You’ll want to make sure your carriers offer the endorsements that fill your clients’ and prospects’ coverage gaps. If one company doesn’t write the kind of business your prospect operates or doesn’t offer the solutions you need, move on to the next carrier.
As noted earlier, you need to work smart when writing BOPs because they typically don’t generate a lot of revenue for you. Not only do you need to have some familiarity with the kinds of coverage enhancements your companies offer, but also you should have an idea of what they don’t offer.
Additional insured endorsements, 30-day notice of cancellation endorsements, and crime endorsements are just a few examples of common—yet important—endorsements your clients might need. If an account has specific needs and you aren’t sure whether your carriers can address them appropriately, check their product guides and/or call an underwriter before spending time on rating.
Just as you’ll see with homeowners coverage offerings, some carriers offer a wide variety of coverage enhancements to the BOP whereas others offer a more limited menu. Some national and larger regional carriers even offer options such as utility services coverage, cyber/privacy liability, employment practices liability, and coverage for royalties.
What else matters
Premiums, of course! Your small accounts will be highly sensitive to pricing, so keep that in mind as you shop them around. There is a big difference between a $450 annual premium and a $750 annual premium if the coverage is essentially the same. Know your carriers’ minimum premiums and know what kinds of payment plans are available.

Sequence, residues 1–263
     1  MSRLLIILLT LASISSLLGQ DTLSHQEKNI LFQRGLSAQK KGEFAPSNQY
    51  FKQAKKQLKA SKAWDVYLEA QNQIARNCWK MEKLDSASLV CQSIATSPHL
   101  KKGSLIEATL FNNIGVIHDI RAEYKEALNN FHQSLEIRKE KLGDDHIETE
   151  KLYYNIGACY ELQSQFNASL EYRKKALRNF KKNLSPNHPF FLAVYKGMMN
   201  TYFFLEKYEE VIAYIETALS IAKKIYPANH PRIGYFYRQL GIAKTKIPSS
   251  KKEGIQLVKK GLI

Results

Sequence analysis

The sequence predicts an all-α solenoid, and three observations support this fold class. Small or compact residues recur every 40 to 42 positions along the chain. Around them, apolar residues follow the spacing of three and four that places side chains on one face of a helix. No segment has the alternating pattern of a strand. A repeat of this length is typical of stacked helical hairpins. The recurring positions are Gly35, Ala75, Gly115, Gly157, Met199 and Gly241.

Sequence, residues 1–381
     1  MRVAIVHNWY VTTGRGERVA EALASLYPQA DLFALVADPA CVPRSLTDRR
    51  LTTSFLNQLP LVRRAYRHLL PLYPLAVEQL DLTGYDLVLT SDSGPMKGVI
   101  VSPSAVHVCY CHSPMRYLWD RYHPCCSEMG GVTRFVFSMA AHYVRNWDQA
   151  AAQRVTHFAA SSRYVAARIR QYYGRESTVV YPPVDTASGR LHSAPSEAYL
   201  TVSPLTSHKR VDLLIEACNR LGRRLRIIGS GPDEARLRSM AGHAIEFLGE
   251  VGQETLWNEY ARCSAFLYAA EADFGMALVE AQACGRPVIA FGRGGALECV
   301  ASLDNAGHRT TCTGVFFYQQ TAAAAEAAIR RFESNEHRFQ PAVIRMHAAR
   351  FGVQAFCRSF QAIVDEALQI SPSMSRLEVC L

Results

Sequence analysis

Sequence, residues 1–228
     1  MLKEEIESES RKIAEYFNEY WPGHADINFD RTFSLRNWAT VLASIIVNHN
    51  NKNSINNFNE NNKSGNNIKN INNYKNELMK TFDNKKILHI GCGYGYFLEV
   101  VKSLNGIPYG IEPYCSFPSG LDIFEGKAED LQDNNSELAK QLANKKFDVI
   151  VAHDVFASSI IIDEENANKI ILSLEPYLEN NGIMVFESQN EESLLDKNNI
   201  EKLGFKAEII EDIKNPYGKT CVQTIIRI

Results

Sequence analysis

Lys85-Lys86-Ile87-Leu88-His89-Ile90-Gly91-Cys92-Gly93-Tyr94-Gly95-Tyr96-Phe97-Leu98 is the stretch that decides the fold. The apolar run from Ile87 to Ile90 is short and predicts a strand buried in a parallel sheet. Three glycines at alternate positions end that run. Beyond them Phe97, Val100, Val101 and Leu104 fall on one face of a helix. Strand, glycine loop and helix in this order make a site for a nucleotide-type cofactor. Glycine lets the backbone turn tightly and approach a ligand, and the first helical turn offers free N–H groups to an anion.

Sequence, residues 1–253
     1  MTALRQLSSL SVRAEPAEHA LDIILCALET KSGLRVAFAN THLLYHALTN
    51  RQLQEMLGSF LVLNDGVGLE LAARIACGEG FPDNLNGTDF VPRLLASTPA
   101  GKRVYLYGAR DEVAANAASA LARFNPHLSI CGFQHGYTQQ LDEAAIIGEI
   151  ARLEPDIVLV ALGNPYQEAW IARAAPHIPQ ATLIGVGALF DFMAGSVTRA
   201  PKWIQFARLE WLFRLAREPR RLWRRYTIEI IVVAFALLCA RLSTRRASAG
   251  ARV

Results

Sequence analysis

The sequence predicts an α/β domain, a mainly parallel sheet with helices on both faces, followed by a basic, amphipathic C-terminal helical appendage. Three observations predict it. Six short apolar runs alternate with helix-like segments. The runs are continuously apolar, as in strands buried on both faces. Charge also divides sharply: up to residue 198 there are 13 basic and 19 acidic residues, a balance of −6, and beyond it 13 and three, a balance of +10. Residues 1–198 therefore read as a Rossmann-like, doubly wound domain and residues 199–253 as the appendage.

Also, know whether your carriers require a down payment before a BOP will be issued. Producers not knowing how to finalize the new business transaction is a pet peeve of your customer service representatives or account managers. Finalizing the sale should include collecting the down payment and/or the information needed to process a down payment electronically.
The process of learning what your carriers can offer your small business clients and prospects can be both exciting and overwhelming. Don’t expect to learn it overnight. Although online appetite guides from your carriers will prove to be useful, feel free to check with other producers to get their feedback on possible markets for the new business accounts in your pipeline.
Some carriers may tell you they have a competitive program for certain classes of business whereas the producers in your agency paint a different picture because they have seen firsthand what the carriers actually are offering.
Finally, don’t be afraid to seek counsel from your customer service representatives and/or account managers. They are on the front lines every day and have plenty of experience when it comes to knowing which of your companies offer robust coverage and competitive pricing on small business offerings. Not only will they appreciate your willingness to involve them, they will help you quote—and ideally write—your small business accounts in an expedient manner.
Marc McNulty, CIC, CRM, is vice president of insurance operations at The Uhl Agency in Dayton, Ohio, and has been with the agency for 15 years. He divides his time among sales, marketing, technology and operational duties. Marc also serves as chairman of NetVU’s Young Professionals Chapter. You can reach Marc at